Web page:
The 2nd edition of the IPCC Climate Change Report (AR6)
(Sustainabilityenvironment.com) – “Almost half of the world’s population lives in areas at risk, now. Nearly half of humanity is living in the danger zone – now. Many ecosystems are at the point of no return – now. Unchecked carbon pollution is forcing the world’s most vulnerable on a frog march to destruction – now. The facts are undeniable”. Climate change is here now, and it affects indiscriminately. And it will do even more in the future. With these words, the UN Secretary-General, Antonio Guterres, presents the latest IPCC climate change report published today.
This is the second part of the 6th Assessment Report (AR6), the periodic update of the report that summarizes the state of the art of global climate science and gives guidelines for political action. This chapter of the IPCC climate change report focuses on the impact of global warming on humans and ecosystems and related upheavals.
And it indicates which strategies to follow and we cannot be found wanting and adapting to the new reality that we are living. The summary for politicians has been filed down in the last 2 weeks as tensions for the Russian invasion of Ukraine deepened, an event that many fear will slow down climate action. So far, however, the shock wave of the conflict has not touched the IPCC, with the Russian head of delegation publicly apologizing (of course only for oneself) on behalf of all Russians who were unable to prevent the event.
The limits of adaptation
Most of the changes triggered on Earth by man-made climate change are now simply irreversible. It does not mean that there is no more hope: with efforts to keep the global temperature within 1.5 degrees, the IPCC confirms that you can partly avoid the most devastating impacts of climate change.
But there are limits. They are the “limits of adaptation“, as defined by the IPCC report on climate change dividing them into two groups. On the one hand, the “soft” ones. Limits that can be circumvented, overcome, and modified. They are those who depend on human action: political barriers, economic and financial setbacks, the will to change. In many cases from a technical point of view it is still possible to use very effective adaptation strategies, explain to the authors; what is missing is precisely the clear will to change.
On the other hand, the “hard” limits: we cannot always adapt, we have biological limits that we cannot go beyond. The human body can only withstand a certain amount of heat, for example. As much as the most vulnerable islands prepare themselves, the rise in sea levels will overwhelm them, as this is an irreversible phenomenon for the next few centuries, regardless of what we do today.
What happens if we exceed 1.5 degrees (even if for a short time)
The latest IPCC report on climate change launches a real ultimatum on this point: the 1.5°C threshold is the decisive turning point for adaptation limits. Beyond this amount of global warming, glaciers and freshwater reserves will decrease at a rate that will force billions of people to become water insecure. Agriculture will disappear from some areas of the planet already with an increase of 2 ºC.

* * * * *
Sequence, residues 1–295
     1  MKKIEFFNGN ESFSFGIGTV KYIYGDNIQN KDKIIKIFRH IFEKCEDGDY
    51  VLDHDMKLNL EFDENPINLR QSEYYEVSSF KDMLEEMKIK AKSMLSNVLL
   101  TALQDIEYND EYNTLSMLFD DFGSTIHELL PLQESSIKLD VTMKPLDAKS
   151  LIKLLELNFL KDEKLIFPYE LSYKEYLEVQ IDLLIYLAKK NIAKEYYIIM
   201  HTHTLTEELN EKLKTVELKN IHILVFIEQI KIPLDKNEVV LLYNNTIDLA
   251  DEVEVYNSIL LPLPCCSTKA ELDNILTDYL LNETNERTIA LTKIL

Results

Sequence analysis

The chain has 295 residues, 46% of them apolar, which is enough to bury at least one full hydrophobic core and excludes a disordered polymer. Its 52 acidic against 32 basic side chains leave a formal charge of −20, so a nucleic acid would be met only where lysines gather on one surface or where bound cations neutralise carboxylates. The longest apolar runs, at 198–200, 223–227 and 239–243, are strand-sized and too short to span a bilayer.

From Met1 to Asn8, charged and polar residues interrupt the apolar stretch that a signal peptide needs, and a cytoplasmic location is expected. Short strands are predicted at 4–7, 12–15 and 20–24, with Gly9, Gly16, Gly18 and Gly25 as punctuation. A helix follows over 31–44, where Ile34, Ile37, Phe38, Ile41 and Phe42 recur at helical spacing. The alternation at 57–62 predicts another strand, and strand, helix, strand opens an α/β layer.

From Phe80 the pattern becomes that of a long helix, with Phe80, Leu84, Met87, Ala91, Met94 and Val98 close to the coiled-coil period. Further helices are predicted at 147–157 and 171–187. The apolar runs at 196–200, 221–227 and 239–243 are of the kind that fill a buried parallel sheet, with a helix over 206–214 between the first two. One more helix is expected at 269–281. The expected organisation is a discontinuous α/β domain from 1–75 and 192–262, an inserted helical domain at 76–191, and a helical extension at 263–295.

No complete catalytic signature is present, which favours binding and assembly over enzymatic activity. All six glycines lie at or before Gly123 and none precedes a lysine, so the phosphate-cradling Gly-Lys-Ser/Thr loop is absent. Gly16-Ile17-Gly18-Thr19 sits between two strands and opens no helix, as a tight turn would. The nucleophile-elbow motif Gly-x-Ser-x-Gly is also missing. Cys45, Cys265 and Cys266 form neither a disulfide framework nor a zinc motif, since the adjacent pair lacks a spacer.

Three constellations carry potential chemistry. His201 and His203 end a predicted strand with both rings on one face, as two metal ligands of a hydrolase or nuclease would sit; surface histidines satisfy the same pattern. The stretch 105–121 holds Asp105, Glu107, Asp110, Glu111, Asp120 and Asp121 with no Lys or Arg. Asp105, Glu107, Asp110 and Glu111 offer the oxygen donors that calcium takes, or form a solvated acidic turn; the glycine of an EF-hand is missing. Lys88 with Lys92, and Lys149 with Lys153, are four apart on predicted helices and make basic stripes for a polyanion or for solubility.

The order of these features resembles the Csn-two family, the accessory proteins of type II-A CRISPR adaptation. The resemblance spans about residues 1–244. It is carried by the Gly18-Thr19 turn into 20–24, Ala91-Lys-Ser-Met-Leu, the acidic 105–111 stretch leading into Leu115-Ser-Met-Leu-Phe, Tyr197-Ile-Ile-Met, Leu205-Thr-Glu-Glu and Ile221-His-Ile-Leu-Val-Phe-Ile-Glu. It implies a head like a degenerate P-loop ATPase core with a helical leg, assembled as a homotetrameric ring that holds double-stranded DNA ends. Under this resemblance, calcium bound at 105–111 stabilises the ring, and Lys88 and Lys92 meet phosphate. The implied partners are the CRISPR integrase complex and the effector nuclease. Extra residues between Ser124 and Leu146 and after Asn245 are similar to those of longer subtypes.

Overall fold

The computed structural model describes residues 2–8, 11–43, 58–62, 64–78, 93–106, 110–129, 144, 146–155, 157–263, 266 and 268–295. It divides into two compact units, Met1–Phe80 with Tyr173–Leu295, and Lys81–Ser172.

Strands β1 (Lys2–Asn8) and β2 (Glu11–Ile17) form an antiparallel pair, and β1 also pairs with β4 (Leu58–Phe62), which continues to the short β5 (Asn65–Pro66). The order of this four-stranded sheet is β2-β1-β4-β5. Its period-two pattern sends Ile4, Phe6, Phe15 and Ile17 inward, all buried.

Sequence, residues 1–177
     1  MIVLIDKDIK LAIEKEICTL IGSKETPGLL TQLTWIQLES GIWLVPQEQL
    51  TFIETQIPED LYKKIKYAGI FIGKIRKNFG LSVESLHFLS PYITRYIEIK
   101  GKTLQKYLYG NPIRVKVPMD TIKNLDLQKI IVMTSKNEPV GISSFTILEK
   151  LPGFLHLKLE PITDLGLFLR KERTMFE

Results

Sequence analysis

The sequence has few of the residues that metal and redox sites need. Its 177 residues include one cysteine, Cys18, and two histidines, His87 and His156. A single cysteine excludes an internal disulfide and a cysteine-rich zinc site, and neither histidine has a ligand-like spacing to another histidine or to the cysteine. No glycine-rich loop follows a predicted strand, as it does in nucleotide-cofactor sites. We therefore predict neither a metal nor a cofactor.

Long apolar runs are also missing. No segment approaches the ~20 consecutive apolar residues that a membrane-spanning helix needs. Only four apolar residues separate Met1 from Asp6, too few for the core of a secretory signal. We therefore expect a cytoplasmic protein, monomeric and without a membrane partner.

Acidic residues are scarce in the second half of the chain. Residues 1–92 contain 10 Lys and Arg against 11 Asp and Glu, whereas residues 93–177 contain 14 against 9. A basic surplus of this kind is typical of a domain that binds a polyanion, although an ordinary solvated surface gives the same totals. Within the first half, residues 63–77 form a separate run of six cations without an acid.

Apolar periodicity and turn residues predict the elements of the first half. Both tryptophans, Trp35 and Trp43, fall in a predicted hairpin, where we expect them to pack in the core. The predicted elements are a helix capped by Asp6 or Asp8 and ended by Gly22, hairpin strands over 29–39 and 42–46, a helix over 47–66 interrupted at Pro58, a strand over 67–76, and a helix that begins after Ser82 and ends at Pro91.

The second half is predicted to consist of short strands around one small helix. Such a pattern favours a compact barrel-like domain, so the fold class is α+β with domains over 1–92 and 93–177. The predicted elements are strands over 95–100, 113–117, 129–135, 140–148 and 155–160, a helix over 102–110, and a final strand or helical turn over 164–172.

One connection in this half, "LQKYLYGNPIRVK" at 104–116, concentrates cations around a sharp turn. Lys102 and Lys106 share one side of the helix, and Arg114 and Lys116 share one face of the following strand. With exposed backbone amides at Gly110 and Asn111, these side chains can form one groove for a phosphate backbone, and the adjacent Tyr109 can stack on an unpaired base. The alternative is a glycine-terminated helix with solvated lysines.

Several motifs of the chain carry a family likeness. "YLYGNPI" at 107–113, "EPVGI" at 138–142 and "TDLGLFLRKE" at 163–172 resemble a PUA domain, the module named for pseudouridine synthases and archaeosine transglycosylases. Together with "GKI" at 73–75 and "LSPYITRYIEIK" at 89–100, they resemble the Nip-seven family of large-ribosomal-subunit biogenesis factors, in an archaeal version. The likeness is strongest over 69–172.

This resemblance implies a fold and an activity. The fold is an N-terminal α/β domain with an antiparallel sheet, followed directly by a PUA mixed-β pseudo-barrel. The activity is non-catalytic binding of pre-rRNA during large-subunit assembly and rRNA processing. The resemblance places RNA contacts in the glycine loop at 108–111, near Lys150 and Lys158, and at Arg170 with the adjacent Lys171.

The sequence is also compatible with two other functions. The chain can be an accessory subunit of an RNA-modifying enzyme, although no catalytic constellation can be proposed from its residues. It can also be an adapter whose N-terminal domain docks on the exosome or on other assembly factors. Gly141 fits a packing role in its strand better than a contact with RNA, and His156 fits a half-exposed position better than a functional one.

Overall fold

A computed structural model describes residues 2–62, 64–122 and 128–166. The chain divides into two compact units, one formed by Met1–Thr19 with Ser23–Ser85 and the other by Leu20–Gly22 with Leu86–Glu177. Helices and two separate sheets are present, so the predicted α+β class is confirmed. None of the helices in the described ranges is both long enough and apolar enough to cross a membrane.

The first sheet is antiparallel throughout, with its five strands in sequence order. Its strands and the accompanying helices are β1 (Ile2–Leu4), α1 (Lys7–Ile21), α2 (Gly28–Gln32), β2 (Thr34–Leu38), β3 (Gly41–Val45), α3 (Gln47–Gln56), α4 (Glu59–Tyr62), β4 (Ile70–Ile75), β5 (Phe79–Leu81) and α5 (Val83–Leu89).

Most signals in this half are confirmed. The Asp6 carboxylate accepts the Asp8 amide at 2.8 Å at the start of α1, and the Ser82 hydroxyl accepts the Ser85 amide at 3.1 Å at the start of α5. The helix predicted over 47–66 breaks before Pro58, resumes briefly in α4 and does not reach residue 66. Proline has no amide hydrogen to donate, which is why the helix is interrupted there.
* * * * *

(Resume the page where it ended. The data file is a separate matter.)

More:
But even a hypothesis considered very probably today, namely the temporary overrun of 1.5 degrees, will have deleterious effects. For the UN Intergovernmental Panel on Climate Change, staying for a couple of decades beyond this threshold will make many of the ongoing processes “irreversible“.
“It’s worse than expected,” says the IPCC climate change report
This already has repercussions on humans and ecosystems. The situation today, the authors write, is worse than the forecast. The threat to humans comes mainly from climatic extremes. Floods and heat waves are already having greater than expected impacts, and have exceeded the ability of many populations to adapt to this “new normality“. Africa, Central and South Asia and Latin America are the most affected regions.
The IPCC climate change report states that within the next few decades, no matter how much we reduce global greenhouse gas emissions, at least 1 billion people will be at risk of extreme events in coastal areas. And if temperatures reach 1.7-1.8, then half of the human population will be exposed to periods of potentially lethal heat and humidity. At that point, however, 14% of living species will be at a very high risk of extinction. But for ecosystems that are already considered vulnerable, the probability of extinction doubles to 2C and becomes 10 times greater with global warming of 3C.
Technology as a solution?
In the summary for politicians, the chapter on possible solutions tries to put some firm points. The IPCC warns against relying too much on technology to solve the climate crisis. Both geoengineering and technologies such as the direct capture of CO2 from the air, the report says, can have counterproductive effects. The recipe is instead a “climate-resilient development”, which goes from rethinking cities to adapt them to heat, flood risk and water availability, from reducing emissions while ensuring the liveability of some areas, and actions that prioritize justice and address gender and income inequalities.
Read the IPCC report here